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Catalyst Builder

A dependency injection provider builder for dart.

Background

Since Catalyst is only for Dart and Flutter Catalyst supports Flutter, but a mess to configure I decided to do something cooler.

Catalyst Builder is a dependency injection provider builder for both, Dart and Flutter. It's easy to use and dependency injection is almost done automatically. You only have to decorate your services with @Service and the build_runner will create a service provider for you.

Installation

Follow the steps described on this Page: https://pub.dev/packages/catalyst_builder/install

Add this to your pubspec.yaml and run pub get or flutter pub get:

dev_dependencies:
  build_runner: ^2.2.0

Usage

Decorate your services with @Service:

@Service()
class MyService {}

Decorate in your entry point file any top level symbol with @GenerateServiceProvider:

// my_entrypoint.dart

import 'package:catalyst_builder/catalyst_builder.dart';

@GenerateServiceProvider()
void main() {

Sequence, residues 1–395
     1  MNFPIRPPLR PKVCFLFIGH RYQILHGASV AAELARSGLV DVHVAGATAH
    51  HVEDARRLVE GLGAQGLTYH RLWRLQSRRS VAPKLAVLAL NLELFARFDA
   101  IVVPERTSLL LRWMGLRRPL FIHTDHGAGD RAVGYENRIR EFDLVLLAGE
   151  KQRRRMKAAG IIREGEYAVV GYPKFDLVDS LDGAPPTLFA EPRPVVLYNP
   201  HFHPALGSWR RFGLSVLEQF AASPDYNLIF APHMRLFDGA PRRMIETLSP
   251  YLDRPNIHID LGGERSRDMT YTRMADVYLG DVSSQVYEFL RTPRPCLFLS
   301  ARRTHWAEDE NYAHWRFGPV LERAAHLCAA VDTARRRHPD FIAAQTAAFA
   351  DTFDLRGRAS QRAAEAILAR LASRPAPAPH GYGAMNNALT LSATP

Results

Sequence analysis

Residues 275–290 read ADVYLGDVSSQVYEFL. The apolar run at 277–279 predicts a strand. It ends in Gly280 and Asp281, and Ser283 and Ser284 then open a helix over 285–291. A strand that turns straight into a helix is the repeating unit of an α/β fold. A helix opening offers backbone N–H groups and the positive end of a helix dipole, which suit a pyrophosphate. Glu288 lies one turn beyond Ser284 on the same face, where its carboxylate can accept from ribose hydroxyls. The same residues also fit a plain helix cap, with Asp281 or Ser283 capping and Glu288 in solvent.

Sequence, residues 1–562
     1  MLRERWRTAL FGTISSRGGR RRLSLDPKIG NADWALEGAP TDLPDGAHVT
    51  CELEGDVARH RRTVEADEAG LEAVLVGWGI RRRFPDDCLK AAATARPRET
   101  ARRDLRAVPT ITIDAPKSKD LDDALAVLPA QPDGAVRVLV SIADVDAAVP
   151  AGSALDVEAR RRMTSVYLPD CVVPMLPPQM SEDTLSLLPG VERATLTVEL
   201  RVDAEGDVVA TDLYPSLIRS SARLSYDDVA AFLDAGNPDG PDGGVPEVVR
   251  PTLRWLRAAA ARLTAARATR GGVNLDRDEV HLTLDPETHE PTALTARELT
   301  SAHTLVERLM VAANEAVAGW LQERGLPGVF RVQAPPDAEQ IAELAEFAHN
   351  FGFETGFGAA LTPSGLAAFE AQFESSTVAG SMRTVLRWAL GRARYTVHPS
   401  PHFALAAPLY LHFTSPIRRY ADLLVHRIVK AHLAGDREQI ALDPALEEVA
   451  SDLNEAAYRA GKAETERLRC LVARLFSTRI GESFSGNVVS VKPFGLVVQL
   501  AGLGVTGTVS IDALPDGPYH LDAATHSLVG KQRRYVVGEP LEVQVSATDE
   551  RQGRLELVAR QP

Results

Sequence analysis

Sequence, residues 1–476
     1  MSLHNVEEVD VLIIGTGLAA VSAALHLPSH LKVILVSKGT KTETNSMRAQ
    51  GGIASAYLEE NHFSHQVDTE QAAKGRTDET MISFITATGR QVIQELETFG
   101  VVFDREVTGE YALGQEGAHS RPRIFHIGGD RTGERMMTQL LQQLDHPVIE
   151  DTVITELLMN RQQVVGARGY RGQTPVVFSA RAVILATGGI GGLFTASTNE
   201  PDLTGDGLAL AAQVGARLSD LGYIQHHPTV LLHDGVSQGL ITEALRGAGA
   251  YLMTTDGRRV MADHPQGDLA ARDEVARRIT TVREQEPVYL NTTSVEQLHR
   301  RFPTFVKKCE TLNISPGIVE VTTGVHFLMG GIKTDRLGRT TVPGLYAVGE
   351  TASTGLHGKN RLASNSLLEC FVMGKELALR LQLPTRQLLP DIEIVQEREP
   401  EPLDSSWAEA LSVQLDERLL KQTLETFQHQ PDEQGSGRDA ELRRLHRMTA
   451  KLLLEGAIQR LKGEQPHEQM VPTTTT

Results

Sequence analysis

// ...
}

Then run pub run build_runner build or flutter pub run build_runner build.
You can also run pub run build_runner watch or flutter pub run build_runner watch to update the provider automatically as you perform changes.

You should see a new file *.catalyst_builder.g.dart after the build. Import it to use the service provider.

// my_entrypoint.dart

// Import the service provider 
import 'my_entrypoint.catalyst_builder.g.dart';

@GenerateServiceProvider()
void main() {
  // Create a new instance of the service provider
  var provider = DefaultServiceProvider();
  
  // Boot it to wire services
  provider.boot();

  // Resolve a service.
  var myService1 = provider.resolve<MyService>();

  // Inferred types are also supported
  MyService myService2 = provider.resolve();
}

Advanced usage

Service lifetime

You can specify the lifetime of the service in the annotation.

@Service(
  lifetime: ServiceLifetime.singleton, // default
)
class SingletonService {}

@Service(
  lifetime: ServiceLifetime.transient,
)
class TransientService {}
LifetimeDescription
SingletonThe instance is stored in the provider. You'll always receive the same instance.
TransientEverytime you call resolve or tryResolve you'll receive a fresh instance.

Exposing

You can expose the service with another type in the service provider. This is useful if you want to depend on an interface instead of an implementation.


abstract class Transport {
  void transferData(String data);
}

@Service(exposeAs: Transport)
class ConsoleTransport implements Transport {